John Atkinson Grimshaw (6 September 1836 – 13 October 1893) was an English Victorian-era artist best known for his nocturnal scenes of urban landscapes. He was called a "remarkable and imaginative painter" by the critic and historian Christopher Wood in Victorian Painting (1999).
Grimshaw's love for realism stemmed from a passion for photography, which would eventually lend itself to the creative process. Though entirely self-taught, he is known to have used a camera obscura or lenses to project scenes onto canvas, which made up for his shortcomings as a draughtsman and his imperfect knowledge of perspective. This technique, which Caravaggio and Vermeer may also have used, was condemned by a number of his contemporaries who believed it demonstrated less skill than painting by eye, with some claiming that his paintings appeared to "show no marks of handling or brushwork", while others "were doubtful whether they could be accepted as paintings at all". However, many recognised his mastery of colour, lighting and shadow, as well as his unique ability to provoke strong emotional responses in the viewer. James McNeill Whistler, whom Grimshaw worked with in his Chelsea studios, stated, "I considered myself the inventor of nocturnes until I saw Grimmy's moonlit pictures."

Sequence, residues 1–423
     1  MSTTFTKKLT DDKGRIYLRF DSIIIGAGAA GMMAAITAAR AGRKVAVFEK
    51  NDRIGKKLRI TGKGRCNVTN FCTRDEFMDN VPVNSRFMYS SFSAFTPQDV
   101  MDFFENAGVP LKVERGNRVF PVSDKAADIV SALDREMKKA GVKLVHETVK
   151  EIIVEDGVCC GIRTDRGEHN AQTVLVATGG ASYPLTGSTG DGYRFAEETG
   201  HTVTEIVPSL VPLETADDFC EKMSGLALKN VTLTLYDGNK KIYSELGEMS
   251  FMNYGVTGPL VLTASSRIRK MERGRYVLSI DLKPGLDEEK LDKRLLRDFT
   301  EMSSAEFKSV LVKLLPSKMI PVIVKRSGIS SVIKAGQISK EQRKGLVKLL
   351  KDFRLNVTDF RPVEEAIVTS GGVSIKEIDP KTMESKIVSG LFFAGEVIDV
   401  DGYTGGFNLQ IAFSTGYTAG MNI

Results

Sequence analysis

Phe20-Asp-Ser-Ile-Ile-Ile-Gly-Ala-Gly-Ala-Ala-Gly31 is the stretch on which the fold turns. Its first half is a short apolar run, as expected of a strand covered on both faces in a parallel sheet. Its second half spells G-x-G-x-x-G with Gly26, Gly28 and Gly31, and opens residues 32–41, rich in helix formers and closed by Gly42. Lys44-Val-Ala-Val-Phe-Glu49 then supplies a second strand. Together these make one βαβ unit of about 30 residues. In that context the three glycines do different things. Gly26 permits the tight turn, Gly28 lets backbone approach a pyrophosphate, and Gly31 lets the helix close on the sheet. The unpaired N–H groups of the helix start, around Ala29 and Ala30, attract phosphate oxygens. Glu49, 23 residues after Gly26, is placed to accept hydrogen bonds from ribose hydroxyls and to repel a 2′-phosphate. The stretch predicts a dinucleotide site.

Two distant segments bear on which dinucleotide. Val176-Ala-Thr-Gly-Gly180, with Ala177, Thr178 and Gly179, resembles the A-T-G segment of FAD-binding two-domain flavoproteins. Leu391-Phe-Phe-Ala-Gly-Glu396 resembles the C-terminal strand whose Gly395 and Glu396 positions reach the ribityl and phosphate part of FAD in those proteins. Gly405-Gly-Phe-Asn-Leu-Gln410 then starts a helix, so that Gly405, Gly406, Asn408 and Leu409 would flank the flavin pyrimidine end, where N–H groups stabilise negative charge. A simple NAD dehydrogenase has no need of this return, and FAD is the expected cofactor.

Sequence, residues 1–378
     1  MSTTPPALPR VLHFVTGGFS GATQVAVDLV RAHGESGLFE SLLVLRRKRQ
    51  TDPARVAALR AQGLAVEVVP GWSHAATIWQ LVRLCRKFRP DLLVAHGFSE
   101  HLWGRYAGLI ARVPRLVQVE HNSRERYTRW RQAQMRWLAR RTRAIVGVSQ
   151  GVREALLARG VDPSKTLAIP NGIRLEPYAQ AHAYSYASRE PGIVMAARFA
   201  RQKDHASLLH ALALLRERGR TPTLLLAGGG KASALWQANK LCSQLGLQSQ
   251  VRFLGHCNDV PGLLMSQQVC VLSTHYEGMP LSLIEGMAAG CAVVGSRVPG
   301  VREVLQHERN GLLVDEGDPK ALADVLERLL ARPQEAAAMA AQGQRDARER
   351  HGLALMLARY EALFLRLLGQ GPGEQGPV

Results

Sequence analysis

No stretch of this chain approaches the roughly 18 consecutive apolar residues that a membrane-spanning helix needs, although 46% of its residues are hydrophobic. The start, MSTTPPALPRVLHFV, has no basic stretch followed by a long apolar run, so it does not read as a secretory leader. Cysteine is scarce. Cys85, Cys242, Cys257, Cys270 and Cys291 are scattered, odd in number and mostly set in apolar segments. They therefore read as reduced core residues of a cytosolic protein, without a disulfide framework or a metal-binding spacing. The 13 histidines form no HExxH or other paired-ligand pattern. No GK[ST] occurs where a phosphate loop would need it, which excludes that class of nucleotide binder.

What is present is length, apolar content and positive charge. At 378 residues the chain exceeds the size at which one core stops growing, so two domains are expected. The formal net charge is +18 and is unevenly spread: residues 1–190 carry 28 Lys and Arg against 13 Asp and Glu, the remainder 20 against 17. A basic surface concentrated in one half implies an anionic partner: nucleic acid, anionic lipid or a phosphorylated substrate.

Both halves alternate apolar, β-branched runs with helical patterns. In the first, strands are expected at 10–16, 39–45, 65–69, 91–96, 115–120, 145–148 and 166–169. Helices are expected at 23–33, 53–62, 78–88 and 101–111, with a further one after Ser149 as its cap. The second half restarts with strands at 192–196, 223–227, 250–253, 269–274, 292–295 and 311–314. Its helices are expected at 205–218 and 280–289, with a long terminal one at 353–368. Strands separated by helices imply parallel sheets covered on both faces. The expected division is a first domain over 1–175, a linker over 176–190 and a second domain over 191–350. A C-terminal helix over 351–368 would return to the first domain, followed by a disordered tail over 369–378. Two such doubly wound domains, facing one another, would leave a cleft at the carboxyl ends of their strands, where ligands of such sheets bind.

His early paintings were signed "JAG", "J. A. Grimshaw", or "John Atkinson Grimshaw", though he finally settled on "Atkinson Grimshaw".